Conclusions: Individual researchers might benefit from increased outreach and improved documentation about the benefits and use of optional features to improve their datasets’ level of curation beyond the FAIR-informed support that the Harvard Dataverse repository provides by default. Platform designers, developers, and managers may also use the numerical scoring approach to explore how different user groups use optional application features.

Opening Your Scholarship: Why should I DASH and Dataverse?

“Learn practices and platforms to achieve your open access goals!

Highlights on Harvard DASH and Dataverse.

Panelists:

– Sonia Barbosa, Manager of Data Curation, Harvard Dataverse, Manager of the Murray Research Archive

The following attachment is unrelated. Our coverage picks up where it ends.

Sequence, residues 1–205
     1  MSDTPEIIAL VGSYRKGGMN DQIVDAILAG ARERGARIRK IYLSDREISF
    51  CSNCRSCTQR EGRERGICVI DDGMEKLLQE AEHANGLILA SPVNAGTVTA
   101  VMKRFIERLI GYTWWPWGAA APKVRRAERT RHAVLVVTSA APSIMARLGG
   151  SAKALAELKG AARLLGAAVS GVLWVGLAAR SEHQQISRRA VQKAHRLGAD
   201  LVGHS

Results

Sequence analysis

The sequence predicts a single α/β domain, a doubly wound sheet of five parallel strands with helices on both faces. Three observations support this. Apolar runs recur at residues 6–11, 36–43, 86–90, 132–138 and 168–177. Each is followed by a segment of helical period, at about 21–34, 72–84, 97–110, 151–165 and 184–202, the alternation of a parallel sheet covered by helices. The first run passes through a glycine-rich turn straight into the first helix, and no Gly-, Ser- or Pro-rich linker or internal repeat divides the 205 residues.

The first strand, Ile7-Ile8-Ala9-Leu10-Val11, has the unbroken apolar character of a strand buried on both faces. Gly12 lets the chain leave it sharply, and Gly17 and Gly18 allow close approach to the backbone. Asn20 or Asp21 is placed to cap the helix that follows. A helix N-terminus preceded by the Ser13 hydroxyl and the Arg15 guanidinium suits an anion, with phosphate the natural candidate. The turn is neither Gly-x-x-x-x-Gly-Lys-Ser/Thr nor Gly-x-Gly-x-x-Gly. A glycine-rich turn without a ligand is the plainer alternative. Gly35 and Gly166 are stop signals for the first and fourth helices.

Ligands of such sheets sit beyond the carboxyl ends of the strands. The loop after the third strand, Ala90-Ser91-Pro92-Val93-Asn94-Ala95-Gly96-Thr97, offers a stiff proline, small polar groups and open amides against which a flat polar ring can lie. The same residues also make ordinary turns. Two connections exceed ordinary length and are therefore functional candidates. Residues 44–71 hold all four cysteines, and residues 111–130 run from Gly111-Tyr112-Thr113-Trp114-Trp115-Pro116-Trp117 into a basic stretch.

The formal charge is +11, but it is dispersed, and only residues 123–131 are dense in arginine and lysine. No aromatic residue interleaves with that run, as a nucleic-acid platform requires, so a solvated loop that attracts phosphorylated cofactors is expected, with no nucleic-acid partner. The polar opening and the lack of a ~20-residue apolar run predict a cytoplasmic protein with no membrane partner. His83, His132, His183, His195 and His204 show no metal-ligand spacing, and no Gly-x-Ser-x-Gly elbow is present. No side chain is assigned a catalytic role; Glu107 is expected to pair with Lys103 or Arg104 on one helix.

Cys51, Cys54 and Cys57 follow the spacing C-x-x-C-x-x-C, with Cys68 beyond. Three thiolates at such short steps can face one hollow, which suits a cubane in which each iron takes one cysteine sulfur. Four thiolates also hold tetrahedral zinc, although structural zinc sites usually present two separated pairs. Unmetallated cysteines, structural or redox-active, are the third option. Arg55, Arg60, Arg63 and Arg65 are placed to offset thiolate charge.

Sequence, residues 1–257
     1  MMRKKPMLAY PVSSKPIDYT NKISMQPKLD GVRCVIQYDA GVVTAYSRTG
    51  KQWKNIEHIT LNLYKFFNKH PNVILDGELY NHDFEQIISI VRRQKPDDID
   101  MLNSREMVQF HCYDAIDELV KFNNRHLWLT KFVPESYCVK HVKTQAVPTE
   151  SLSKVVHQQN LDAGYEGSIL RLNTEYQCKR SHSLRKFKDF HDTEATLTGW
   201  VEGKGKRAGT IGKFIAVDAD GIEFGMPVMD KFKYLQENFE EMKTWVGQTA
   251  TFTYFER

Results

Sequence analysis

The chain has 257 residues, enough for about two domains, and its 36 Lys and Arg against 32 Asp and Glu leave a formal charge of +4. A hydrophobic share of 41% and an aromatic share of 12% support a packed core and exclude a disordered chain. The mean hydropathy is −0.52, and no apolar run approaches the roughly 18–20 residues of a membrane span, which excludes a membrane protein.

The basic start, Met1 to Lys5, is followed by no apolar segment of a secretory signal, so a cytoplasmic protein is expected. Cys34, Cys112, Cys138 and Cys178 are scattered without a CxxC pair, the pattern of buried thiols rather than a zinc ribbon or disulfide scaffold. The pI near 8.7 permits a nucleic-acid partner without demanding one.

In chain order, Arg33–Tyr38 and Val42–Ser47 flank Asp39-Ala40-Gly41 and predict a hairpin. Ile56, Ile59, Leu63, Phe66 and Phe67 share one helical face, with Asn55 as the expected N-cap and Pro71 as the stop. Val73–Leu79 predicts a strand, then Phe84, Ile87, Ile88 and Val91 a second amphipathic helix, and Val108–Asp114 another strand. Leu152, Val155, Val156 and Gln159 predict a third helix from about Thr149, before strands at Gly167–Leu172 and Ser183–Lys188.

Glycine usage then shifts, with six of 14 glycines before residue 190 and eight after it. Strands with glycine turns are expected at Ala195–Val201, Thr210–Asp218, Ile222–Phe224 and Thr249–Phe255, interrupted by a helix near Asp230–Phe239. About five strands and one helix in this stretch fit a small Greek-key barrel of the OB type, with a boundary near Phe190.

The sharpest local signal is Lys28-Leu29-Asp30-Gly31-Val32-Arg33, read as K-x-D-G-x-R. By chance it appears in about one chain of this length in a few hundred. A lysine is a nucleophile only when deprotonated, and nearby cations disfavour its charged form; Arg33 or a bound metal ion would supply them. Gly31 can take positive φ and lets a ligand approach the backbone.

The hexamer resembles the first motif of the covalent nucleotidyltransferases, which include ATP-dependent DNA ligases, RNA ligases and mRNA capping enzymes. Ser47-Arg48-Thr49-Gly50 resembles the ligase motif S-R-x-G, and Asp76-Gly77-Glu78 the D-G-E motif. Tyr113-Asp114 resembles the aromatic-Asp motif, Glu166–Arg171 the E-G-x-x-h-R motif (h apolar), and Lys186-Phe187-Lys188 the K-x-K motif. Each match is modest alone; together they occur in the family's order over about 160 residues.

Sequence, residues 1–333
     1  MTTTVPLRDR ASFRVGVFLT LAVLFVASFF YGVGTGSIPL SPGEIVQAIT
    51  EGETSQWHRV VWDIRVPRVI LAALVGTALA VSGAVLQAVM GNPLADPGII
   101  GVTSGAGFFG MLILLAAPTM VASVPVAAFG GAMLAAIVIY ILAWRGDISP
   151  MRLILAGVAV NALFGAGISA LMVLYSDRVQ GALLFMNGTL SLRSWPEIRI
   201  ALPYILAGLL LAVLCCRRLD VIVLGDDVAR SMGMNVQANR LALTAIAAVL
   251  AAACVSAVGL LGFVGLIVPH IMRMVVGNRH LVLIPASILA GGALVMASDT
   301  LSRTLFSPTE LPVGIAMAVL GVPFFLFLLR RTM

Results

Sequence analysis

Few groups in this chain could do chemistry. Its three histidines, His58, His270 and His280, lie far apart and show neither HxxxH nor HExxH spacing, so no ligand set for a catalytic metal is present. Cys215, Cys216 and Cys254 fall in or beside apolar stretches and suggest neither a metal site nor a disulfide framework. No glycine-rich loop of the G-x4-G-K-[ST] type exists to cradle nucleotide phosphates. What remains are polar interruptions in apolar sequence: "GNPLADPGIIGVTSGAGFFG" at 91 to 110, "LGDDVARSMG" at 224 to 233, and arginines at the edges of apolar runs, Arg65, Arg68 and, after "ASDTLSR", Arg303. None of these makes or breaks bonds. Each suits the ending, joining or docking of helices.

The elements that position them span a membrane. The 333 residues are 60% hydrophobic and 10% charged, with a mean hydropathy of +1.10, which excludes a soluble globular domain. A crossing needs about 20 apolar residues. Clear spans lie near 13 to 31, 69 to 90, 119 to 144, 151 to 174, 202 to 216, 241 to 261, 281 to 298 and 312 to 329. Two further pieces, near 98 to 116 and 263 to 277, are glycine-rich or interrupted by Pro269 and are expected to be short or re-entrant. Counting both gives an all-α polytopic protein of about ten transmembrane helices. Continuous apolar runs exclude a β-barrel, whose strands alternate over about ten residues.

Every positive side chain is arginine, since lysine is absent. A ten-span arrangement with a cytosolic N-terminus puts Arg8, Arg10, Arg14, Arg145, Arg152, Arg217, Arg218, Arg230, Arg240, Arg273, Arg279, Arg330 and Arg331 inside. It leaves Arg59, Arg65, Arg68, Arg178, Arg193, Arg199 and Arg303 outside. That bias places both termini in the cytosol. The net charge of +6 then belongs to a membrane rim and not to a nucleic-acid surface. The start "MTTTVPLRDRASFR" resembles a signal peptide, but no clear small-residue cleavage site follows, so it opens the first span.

– Julie Goldman, Research Data Services Librarian

– Colin Lukens, Senior Repository Manager, Harvard Library Office for Scholarly Communication

– Katie Mika, Data Services Librarian …”

Dataverse and OpenDP: Tools for Privacy-Protective Analysis in the Cloud | Mercè Crosas

“When big data intersects with highly sensitive data, both opportunity to society and risks abound. Traditional approaches for sharing sensitive data are known to be ineffective in protecting privacy. Differential Privacy, deriving from roots in cryptography, is a strong mathematical criterion for privacy preservation that also allows for rich statistical analysis of sensitive data. Differentially private algorithms are constructed by carefully introducing “random noise” into statistical analyses so as to obscure the effect of each individual data subject.    OpenDP is an open-source project for the differential privacy community to develop general-purpose, vetted, usable, and scalable tools for differential privacy, which users can simply, robustly and confidently deploy.